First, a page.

'Giving people as a community a voice': Red Wing selected for Citizens Assemblies events
What needs to change in Red Wing's local government?
David Schultz, political science professor at Hamline University, wants residents to think about this question when Citizens Assemblies gets started on June 9.
When making the decision on where to host Citizens Assemblies, his team selected Red Wing for being a classic Minnesota community.
"It's a community that's not overly divided and this is a way of doing it at a local level of residents talking to each other," Schultz said.
On June 9, Citizens Assemblies will begin hosting events for community members to become more involved with local government. The idea behind the project, Schultz said, is to get people more involved in government and think of ways to overcome polarization.
"Let's get citizens together on some project, provide them education and training and bring in speakers," he said. "Then, give them the opportunity after education to deliberate and reach some conclusions."
Hamline University was awarded a grant from Joyce Foundation and William and Flora Hewlett Foundation equating $500,000. Money will be spent for residents to debate and discuss issues in an informed and non-partisan fashion.
"At the most narrow level, it will be giving people as a community a voice, including people who don't traditionally speak up, (and) express their thoughts regarding what they would like to actually see from Red Wing," Schultz said.
Red Wing and Willmar have been selected as the first two of three uniquely demographic and political Minnesota cities to be featured in the program.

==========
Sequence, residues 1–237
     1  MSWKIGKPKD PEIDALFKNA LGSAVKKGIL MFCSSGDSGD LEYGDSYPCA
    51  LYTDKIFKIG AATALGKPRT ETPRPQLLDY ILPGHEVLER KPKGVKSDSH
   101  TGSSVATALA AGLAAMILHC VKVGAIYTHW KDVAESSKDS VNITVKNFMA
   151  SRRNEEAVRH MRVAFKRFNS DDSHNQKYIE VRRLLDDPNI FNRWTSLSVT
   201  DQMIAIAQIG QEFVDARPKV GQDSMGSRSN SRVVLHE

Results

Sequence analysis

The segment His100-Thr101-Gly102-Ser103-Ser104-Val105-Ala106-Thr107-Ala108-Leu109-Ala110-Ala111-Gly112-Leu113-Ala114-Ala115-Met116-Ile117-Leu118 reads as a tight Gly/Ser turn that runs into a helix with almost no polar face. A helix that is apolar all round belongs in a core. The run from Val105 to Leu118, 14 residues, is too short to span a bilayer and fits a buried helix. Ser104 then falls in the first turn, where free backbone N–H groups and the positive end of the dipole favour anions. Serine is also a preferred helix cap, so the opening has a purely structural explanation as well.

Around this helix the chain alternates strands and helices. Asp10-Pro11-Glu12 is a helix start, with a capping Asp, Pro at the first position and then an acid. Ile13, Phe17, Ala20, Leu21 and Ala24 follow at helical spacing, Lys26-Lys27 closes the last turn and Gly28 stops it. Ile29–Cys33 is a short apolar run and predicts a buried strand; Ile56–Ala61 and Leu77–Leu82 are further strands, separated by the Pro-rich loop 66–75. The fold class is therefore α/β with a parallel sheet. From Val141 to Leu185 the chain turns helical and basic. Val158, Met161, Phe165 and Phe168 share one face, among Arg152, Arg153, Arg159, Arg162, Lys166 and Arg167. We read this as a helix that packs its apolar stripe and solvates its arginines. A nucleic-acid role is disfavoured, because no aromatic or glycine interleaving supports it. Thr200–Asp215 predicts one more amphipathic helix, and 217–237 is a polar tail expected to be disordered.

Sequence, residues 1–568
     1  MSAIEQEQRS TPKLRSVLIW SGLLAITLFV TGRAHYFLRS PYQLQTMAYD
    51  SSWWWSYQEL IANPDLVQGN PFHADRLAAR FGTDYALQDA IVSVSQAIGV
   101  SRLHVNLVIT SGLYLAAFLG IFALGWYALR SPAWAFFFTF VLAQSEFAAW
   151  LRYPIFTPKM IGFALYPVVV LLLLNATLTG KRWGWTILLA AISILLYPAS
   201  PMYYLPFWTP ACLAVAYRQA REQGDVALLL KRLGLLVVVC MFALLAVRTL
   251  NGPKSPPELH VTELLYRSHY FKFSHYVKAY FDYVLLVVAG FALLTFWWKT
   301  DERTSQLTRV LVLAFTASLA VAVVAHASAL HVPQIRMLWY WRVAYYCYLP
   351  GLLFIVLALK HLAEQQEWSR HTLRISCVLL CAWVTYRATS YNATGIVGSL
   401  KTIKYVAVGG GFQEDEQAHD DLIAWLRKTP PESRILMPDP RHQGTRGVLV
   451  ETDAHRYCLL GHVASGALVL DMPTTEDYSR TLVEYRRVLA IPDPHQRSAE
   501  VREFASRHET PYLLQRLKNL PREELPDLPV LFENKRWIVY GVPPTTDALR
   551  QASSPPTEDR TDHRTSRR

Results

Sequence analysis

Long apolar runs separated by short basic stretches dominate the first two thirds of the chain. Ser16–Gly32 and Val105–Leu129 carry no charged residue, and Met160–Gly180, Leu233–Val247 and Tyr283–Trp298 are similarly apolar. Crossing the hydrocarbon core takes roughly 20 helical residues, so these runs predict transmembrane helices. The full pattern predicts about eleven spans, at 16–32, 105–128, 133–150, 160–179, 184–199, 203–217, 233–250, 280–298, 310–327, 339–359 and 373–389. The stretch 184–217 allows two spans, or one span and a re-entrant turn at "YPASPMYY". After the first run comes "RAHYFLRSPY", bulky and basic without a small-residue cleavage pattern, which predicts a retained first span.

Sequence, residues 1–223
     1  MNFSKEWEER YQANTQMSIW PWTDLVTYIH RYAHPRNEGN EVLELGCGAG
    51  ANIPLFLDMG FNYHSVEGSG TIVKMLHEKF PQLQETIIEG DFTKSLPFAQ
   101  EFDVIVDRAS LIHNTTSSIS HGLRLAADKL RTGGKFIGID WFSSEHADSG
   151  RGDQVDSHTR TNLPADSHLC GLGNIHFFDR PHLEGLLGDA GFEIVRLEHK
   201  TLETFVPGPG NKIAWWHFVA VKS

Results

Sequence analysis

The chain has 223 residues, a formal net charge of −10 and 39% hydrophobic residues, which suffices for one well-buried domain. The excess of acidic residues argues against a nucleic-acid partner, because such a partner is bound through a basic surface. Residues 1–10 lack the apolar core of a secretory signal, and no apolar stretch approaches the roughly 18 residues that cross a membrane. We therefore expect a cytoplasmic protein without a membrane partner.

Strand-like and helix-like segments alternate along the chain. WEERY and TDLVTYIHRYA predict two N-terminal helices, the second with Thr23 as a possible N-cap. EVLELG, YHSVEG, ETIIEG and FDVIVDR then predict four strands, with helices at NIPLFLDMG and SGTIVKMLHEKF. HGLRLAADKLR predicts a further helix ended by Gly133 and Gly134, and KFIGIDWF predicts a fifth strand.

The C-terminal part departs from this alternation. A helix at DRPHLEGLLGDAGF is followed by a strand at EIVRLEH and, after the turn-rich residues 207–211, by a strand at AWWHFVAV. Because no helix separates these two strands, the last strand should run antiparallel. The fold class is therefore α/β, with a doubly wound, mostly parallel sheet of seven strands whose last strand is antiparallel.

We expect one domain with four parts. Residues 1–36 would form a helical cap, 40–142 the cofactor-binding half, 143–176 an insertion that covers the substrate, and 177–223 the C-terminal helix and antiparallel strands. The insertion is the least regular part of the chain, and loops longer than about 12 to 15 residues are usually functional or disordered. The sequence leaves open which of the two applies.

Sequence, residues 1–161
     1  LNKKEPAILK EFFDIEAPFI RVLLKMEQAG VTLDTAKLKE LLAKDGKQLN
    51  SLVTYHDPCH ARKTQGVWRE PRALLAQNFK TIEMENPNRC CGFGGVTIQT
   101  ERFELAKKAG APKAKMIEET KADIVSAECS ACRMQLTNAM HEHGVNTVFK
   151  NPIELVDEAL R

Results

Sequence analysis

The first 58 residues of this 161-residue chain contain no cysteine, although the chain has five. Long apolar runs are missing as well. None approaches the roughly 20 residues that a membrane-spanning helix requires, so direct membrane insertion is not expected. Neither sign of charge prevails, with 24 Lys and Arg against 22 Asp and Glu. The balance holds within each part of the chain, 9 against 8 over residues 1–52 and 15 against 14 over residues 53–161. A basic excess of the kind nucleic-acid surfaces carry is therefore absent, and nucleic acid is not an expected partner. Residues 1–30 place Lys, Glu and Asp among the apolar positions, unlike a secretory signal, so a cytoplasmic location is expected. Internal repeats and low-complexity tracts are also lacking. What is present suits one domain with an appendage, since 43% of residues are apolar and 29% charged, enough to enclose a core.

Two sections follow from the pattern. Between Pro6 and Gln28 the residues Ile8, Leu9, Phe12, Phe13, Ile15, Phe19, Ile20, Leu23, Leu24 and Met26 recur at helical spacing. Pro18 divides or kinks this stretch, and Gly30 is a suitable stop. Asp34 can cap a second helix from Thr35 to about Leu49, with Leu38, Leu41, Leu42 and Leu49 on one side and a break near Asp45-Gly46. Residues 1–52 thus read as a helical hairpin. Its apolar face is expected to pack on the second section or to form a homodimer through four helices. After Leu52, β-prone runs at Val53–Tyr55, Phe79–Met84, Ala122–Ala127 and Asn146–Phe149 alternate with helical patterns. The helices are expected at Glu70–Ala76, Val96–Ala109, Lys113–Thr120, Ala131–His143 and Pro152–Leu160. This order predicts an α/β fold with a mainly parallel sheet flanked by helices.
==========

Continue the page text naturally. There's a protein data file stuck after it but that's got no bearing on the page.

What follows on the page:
With an emphasis on structure, the conversations will be geared toward overcoming polarization.
"This is a time when we know that the national government is polarized, unable to get anything done," Schultz said. "Increasingly we're seeing at the state level, we're polarized there too."
The hope is to help create stronger local government in Red Wing, better communication process, and a better dialogue between residents and public officials, he said. "Each community is at different phases and can reflect what the country looks like. We figure out across three communities are there common practices," Schultz said.
Around 40 participants will be selected to listen to one another in terms of making decisions and working out common interests. The group will consist of demographically-representative residents. Citizens Assemblies hopes to accomplish a first-hand insight into what underrepresented citizens believe would enact real change.
A lot of materials used at meetings will be available for the community to utilize as well.
"It's not the problem that too many people talk," Schultz said. "It's that too many people don't have a chance to listen and deliberate."